Why we need more than ‘tips’ on eLearning accessibility
If you’re one of the growing number of eLearning professionals who has realised the importance of creating eLearning resources which are engaging for everyone, including people with disabilities, you might think it would be easy to find guidance on the standards you need to follow.
What’s wrong with eLearning accessibility ‘tips’?
Yet, if you run a search for eLearning accessibility, you are most likely to find articles with ‘tips’, ‘tricks, ‘key points’, or ‘quick wins’. These types of articles are important for raising awareness in a non-intimidating way, but it’s time for the industry to move beyond accessibility ‘tips’. What eLearning professionals need is a specific set of industry wide standards and guidance on how to achieve them.
What are the drivers for change?
There are two important drivers for this change. The first is the growing global trend to strengthen digital accessibility laws. The second is the move towards W3C’s Web Content Accessibility Guidelines (WCAG) as the legal standard. The recent EU Directive on the accessibility of websites and mobile applications, demonstrates both these trends. In September 2018 this directive became law in all member states including the UK (and will remain regardless of Brexit) where it is known as the Public Sector Bodies (Websites and Mobile Applications) Accessibility Regulations. Although the legislation currently only applies to the public sector, it now provides the benchmark for eLearning accessibility.
What do eLearning professionals need?
Instead of ‘7 tips for designing accessible eLearning’, what elearning professionals now need is, ‘How to meet the 50 A and AA WCAG 2.1 success criteria when creating accessible eLearning.’ But how is it possible to achieve this in an article or a blog? I have consolidated the information I use when delivering training into the table below to show one way it can be done. This shows some of the strategies which work well when trying to simplify eLearning accessibility and engage people with something that often seems abstract and complicated.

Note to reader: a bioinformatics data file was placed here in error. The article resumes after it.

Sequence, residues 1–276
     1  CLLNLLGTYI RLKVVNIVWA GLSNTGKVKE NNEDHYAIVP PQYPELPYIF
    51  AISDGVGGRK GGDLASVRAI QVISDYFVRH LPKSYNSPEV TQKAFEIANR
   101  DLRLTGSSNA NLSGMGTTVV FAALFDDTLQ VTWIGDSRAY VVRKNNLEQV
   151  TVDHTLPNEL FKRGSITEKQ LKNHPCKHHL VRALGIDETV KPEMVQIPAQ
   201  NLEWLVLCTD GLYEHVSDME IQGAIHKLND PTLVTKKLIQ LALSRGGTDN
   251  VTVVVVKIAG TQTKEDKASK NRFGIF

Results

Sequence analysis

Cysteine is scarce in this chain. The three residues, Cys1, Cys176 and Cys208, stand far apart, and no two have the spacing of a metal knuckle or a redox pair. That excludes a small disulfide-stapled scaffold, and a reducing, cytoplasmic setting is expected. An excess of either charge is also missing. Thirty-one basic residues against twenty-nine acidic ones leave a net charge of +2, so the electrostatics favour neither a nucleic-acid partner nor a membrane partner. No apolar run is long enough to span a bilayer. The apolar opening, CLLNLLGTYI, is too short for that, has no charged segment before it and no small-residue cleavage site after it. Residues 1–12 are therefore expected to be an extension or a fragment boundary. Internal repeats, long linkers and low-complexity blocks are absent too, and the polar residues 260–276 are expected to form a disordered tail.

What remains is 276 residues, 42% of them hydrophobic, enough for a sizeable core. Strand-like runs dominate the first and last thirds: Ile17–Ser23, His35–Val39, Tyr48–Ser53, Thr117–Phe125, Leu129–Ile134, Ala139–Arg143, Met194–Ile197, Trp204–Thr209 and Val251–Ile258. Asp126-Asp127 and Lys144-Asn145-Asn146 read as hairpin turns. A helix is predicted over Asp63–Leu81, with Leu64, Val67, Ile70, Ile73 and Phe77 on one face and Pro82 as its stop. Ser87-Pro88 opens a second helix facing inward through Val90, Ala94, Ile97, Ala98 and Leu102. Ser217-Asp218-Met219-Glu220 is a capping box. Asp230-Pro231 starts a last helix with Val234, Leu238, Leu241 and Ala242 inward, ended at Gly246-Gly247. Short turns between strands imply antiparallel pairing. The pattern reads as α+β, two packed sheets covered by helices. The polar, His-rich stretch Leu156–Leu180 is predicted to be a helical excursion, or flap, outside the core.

At a glance guide to creating accessible eLearning
(20% of the UK population & 11% of the UK working population)
|Blindness or low vision||Deafness||Parkinson’s||Dyslexia|
(Can affect any of us at any time.)
|Eye laser surgery||Tinnitus||Repetitive Strain Injury||Stress or anxiety|
(Can affect any of us at any time.)
|Forgotten reading glasses||No headphones on public transport||Broken mouse||Noisy and distracting working environment|
|1 way to address this||Ability to enlarge text by at least 200%||Captions on videos||Keyboard accessible content||Clear and consistent navigation|
|How to achieve this in eLearning||Check the publishing options of your authoring tool and that the published output can be enlarged by at least 200%.||Add captions to all videos, either with your authoring tool, or with the captioning facilities available in the sites where embedded videos are held.||Make sure that all mouse only interactivity is replaced with accessible alternatives, e.g. replace drag and drop matching interactions with drop down matching interactions.||Make sure that the navigation items such as the home, forward and back buttons etc. are always in the same place, and in the same order in your resource even if you add new items.|
|Corresponding Web Content Accessibility Guideline
(50 A and AA success criteria to meet for legal compliance.)
How can this approach help?
- Defining the different types of impairments, allows people to learn more about disability and avoid the assumption that accessibility is just for those who have visual impairments.
- Giving examples of disabilities, allows people to empathise with learners who have accessibility requirements.
- Emphasising how many people have permanent impairments, and introducing the concepts of temporary and situational impairments, allows people to understand how inclusive design can improve the learning experience for everyone.
- Giving practical examples in plain English, which are tailored specifically to creating eLearning using authoring tools, allows people to understand what they need to do and why they need to do it.
- Linking instructions to the Web Content Accessibility Guidelines, allows people to be confident that they are following the required legal standards.
Although the table shows only a very small selection of WCAG success criteria, I hope you agree that it’s a much needed improvement on the accessibility ‘tips’ format which has been popular in the eLearning industry for too long.
Susi Miller is the director and founder of eLaHub which specialises in providing eLearning accessibility services. See www.eLaHub.net for further eLearning accessibility help and resources.